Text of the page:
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The home cooks behind Birmingham’s Greek Food Festival

by on September 23, 2010

This is how big a production Birmingham’s Annual Greek Food Festival is: Between today and Saturday, people will buy 27,000 plates of food (half of that, drive-thru), 6,500 gyros, 300 full pans and 600 half pans of pastitsio (that’s a Greek lasagna made with tube pasta instead of pasta sheets, topped with bechamel sauce), and about 16,000 cookies.

All of it is made primarily by home cooks—most of them, members of Holy Trinity, Holy Cross Greek Orthodox Cathedral. The Greek Food Festival takes an entire year of planning, and the cooking starts about a month in advance.

I got a behind the scenes look at part of the process: Cookie baking!

Sonthe Burge invited me to the workshops that started at the end of August. Cookies are arguably my favorite thing to make, so there was instant appeal for me. And then, there’s the cookie-lover’s dream experience.

First, I drove into the Cathedral garage, which is two floors below the kitchen, and the entire garage smelled like butter. Not engine grease or exhaust: Butter. Sonthe escorted me through the building to the kitchen, and there, in the middle, stood the stuff of heaven: Women standing around a huge stainless steel table, each of them sifting mounds and mounds and mounds of powdered sugar.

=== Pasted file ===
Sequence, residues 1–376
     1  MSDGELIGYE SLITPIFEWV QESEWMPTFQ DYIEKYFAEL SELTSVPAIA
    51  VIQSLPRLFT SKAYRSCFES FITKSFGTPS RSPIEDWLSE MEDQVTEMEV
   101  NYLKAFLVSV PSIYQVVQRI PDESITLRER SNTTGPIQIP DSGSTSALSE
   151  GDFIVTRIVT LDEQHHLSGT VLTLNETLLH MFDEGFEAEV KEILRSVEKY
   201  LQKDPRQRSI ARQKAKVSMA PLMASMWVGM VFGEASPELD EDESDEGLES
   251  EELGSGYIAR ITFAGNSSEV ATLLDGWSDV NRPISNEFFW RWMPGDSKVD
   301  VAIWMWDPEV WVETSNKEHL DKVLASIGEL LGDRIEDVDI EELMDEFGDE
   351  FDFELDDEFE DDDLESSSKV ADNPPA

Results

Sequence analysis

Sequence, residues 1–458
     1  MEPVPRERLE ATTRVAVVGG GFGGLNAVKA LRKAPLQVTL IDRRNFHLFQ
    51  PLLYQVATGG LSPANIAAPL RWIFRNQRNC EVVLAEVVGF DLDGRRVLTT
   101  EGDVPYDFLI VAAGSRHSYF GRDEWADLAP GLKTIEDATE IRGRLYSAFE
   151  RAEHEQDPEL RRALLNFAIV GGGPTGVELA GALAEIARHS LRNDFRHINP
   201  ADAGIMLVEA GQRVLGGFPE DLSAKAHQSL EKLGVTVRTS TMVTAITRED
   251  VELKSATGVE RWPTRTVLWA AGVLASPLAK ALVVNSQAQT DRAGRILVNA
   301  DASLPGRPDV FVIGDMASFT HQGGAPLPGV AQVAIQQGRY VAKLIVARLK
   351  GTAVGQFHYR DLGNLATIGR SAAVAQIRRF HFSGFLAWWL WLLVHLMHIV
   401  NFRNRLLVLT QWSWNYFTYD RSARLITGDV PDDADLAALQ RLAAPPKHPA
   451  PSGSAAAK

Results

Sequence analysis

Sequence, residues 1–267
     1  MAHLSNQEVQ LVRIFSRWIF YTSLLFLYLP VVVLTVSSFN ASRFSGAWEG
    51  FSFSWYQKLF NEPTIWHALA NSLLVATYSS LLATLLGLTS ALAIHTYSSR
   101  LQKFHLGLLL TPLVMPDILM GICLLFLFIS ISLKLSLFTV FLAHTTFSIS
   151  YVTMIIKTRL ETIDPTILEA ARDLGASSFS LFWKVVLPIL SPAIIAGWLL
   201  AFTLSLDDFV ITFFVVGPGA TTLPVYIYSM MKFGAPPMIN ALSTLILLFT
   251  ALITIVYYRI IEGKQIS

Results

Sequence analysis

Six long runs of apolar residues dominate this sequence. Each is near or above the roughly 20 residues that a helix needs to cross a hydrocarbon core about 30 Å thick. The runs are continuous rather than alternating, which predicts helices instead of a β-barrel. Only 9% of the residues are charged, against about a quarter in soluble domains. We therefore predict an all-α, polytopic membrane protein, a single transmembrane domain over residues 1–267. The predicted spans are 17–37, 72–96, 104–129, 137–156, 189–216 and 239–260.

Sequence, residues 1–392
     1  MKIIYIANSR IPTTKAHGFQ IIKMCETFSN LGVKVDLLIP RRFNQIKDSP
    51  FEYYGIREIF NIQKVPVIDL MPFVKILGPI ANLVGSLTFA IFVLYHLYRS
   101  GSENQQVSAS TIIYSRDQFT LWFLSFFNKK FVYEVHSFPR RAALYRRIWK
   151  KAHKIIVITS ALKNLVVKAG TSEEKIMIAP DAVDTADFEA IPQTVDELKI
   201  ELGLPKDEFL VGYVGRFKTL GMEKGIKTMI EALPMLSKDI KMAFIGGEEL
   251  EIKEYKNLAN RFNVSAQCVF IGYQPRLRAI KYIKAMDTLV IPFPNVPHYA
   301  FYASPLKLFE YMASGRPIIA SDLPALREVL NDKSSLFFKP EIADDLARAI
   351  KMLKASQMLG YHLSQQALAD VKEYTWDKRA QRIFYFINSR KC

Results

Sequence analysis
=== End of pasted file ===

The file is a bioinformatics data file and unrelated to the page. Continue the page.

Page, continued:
A giant table covered with sugar!

(The kid in me really wanted to sail through the air and land, face down, in all that sugar. Just once.)

About 20 men and women of all ages are grouped into stations in the kitchen. Some have been cooking for the Greek Food Festival for 20 or 25 years, or even longer. Others are still pretty new at it. Their goal is to make 4,000 kourambiethes, Greek wedding cookies that are coated twice in powdered sugar. Some people are patting out cookie dough and cutting it with crescent-shaped cutters. Others are manning the ovens, putting cookie sheets of ready dough into the oven, and taking cookies out. Still others are making dough, chopping huge bowls full of pecans, or manning speed racks.

Hoover's mayor, Tony Petelos, making dough for kourambiethes, Greek wedding cookies.

As I made my way around the kitchen, I found Tony Petelos, the mayor of Hoover, manning two Kitchen-Aid mixers, making cookie dough with butter, powdered sugar, flour, and what he called “corn extract” with a wink and smile—bourbon. “It really does bring the flavor out,” he said. “I made a batch without it once, and you can taste the difference.” Over the weekend of the food festival, he’ll make lamb kabobs. His parents came to the US from Samos Island, in the North Aegean Sea. Tony was born in the United States, but his older brother Angelo (who took on the fun job of dumping warm cookies on the sugar table) was born in Greece and came to the United States when he was 12.

I went back again, just after Labor Day, when Sonthe and another crew were making a different Greek cookie, a twisted butter cookie called koulourakia that is only slightly sweet, making it perfect for dunking in coffee or tea. The crew uses a recipe by Sonthe’s mother (below). They made 1,000 dozen koulourakia in two days.